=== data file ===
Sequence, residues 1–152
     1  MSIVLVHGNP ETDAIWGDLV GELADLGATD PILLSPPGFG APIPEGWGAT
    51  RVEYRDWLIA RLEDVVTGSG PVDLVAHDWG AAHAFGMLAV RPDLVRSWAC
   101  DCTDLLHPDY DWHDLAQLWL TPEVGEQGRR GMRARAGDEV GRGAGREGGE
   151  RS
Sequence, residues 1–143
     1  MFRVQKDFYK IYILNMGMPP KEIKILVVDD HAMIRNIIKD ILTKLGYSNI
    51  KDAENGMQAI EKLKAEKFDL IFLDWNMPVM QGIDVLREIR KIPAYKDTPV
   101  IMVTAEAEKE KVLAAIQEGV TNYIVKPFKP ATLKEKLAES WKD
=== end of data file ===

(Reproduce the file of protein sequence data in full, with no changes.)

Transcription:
Sequence, residues 1–152
     1  MSIVLVHGNP ETDAIWGDLV GELADLGATD PILLSPPGFG APIPEGWGAT
    51  RVEYRDWLIA RLEDVVTGSG PVDLVAHDWG AAHAFGMLAV RPDLVRSWAC
   101  DCTDLLHPDY DWHDLAQLWL TPEVGEQGRR GMRARAGDEV GRGAGREGGE
   151  RS
Sequence, residues 1–143
     1  MFRVQKDFYK IYILNMGMPP KEIKILVVDD HAMIRNIIKD ILTKLGYSNI
    51  KDAENGMQAI EKLKAEKFDL IFLDWNMPVM QGIDVLREIR KIPAYKDTPV
   101  IMVTAEAEKE KVLAAIQEGV TNYIVKPFKP ATLKEKLAES WKD